A Prayer to Tupā by the Rio del la Plata By Ozzie Nogg
May 14, 2015 Comments Off on A Prayer to Tupā by the Rio del la Plata By Ozzie Nogg
They called her Silent Death, so skillfully did she bestow the swift surprise. Anaconda, marmoset, hummingbird and jaguar: no creature of the rain forest escaped her blowgun.
Daily she went to the tall trees and to the river. She wore bracelets of piranha teeth, toucan feathers in her hair, and a turtle shell quiver of bamboo darts slung across her naked breasts. Calabash gourds of curaré poison hung, always, at her waist. She brought lizard, monkey, and red-tailed fish back to the fire pit, and the people bowed to Silent Death and said, “Blessed is she who feeds and keeps us alive.”
She lay with each man in her tribe, but no seed grew. The village shaman danced, howled, rubbed Silent Death’s belly with wild yam and the droppings of tree frogs, but childless she remained.
One moonrise she found a baby capybara abandoned in the rain forest, but she did not shoot.
“I will be your mother,” she said, and carried the infant back to the village. “This is my child,” she told the people. “Do not harm him.”
She named him Master of the Grasses. She fed him bark, leaves, fruit. She brushed his auburn hair and watched him grow. Every day, when she went to the tall trees or to the river, Master of the Grasses went with her.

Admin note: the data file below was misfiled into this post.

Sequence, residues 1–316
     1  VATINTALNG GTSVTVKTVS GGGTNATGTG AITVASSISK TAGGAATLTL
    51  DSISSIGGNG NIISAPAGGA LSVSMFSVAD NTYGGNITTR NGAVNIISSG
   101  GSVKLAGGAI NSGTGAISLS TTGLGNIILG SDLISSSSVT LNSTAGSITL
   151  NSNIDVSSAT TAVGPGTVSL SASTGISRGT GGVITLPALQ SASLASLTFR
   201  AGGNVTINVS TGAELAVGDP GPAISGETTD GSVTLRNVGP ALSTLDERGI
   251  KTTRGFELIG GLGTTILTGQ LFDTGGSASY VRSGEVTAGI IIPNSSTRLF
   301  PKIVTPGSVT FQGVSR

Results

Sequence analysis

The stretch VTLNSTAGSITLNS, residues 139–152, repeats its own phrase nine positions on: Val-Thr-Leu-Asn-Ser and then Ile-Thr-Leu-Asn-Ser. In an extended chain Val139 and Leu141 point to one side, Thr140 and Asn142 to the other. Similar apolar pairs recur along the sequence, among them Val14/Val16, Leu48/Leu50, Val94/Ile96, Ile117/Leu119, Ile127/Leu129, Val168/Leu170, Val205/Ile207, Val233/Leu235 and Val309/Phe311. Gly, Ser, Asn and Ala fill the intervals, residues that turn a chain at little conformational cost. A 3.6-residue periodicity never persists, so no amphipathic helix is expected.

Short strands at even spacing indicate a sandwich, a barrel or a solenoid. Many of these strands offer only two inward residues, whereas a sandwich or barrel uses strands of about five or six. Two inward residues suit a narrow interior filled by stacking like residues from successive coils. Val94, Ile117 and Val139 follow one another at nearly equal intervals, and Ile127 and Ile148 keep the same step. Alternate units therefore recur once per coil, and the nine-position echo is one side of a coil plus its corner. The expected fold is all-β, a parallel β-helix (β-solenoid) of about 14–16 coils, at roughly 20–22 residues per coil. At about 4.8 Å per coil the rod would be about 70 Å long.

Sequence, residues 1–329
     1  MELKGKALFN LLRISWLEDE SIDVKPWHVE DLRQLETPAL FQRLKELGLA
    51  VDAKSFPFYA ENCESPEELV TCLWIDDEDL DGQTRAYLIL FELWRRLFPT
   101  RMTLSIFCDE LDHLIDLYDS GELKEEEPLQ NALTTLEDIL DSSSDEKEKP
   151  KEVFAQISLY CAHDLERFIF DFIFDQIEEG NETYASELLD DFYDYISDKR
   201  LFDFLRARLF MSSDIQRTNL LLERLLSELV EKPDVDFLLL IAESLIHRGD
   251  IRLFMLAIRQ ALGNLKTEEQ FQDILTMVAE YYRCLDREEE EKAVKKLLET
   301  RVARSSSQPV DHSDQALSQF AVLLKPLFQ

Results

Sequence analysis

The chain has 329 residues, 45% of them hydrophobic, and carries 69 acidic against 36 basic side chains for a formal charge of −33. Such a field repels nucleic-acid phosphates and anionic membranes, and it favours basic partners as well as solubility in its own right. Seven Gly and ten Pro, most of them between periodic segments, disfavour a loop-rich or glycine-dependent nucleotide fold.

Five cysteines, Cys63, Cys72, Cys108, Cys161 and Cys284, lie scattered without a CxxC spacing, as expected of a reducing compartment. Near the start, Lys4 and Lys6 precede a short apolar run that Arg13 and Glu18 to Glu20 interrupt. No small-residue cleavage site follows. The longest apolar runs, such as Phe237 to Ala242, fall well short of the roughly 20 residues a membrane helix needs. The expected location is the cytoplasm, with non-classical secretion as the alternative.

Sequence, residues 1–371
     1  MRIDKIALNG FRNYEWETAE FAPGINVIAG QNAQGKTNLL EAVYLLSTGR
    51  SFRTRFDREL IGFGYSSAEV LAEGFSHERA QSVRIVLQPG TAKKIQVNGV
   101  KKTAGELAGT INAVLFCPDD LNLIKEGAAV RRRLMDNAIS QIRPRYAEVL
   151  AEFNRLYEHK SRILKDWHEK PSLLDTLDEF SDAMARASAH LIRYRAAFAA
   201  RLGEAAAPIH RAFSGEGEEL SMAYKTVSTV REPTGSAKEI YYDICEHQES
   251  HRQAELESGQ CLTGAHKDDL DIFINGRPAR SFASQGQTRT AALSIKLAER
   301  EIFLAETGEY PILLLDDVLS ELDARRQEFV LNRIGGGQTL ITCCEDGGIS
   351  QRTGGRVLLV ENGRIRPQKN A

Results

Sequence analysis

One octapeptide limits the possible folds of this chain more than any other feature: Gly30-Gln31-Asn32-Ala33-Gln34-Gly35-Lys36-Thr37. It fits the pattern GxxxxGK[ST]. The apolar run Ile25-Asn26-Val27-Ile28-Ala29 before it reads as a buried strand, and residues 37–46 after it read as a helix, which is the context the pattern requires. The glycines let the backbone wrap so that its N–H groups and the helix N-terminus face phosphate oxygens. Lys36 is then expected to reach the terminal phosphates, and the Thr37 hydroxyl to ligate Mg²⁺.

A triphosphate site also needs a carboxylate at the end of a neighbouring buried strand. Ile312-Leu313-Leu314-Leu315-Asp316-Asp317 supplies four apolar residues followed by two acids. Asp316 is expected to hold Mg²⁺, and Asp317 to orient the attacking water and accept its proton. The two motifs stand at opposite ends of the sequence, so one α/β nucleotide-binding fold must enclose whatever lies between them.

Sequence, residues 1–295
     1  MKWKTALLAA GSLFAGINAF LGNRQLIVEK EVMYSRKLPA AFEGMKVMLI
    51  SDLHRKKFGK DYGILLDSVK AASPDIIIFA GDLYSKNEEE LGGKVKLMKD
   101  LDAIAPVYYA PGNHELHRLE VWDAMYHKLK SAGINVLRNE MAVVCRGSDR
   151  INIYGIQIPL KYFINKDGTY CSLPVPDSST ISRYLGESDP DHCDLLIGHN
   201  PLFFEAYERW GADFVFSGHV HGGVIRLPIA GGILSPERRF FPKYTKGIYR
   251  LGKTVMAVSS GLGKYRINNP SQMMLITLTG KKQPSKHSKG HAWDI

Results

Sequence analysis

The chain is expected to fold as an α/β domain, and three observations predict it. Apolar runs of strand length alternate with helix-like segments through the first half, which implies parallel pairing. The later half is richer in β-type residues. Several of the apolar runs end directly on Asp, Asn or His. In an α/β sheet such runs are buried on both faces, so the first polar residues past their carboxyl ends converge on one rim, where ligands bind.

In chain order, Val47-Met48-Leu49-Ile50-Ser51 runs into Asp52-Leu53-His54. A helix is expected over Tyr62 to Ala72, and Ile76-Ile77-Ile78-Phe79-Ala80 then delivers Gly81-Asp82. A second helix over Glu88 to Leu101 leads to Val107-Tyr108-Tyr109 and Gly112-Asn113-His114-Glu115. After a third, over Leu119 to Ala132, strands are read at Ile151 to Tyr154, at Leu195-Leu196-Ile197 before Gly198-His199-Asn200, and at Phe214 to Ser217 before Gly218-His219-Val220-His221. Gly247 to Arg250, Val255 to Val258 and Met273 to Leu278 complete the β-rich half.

One sunset, on the far shore, she saw a man. Young, sinewy, the skin around his eyes painted red. He is not from our tribe, she thought. Silent Death saw the man raise his bow and arrow. “Run,” she said to Master of the Grasses, but he fell to the forest floor. She knelt and closed his eyes while watching the man as he plunged into the river.
“Yes,” said Silent Death. “Swim to me. Let your seed swim in me, and give me a child.”
She and the man came together. After, while the man slept, she kissed his red paint-circled eyes with poisoned darts; then she buried Master of the Grasses in the river, and, while her womb flowered, she dragged the man to the village . . . to the fire pit.
© 2014 Ozzie Nogg
Ozzie Nogg’s flash fiction has been published in Diddledog, FLASHSHOT, Dew on the Kudzu, and 50 to 1. Her entry was a finalist in a (relatively) recent NYC Midnight Tweet-Me-A-Story-Contest. In 2003, Ozzie’s first foray into fantasy, Blue Plate Special, appeared in MARGIN: Exploring Modern Magic Realism, and was later nominated for a Pushcart Prize and the E-2ink Award. Her book of personal stories, Joseph’s Bones, won First Place in the 2005 Writer’s Digest Press International Self-Published Book Awards. To read her short fiction, poetry, essays and blog posts, visit: http://rabbisdaughter.com and http://ozzienogg.com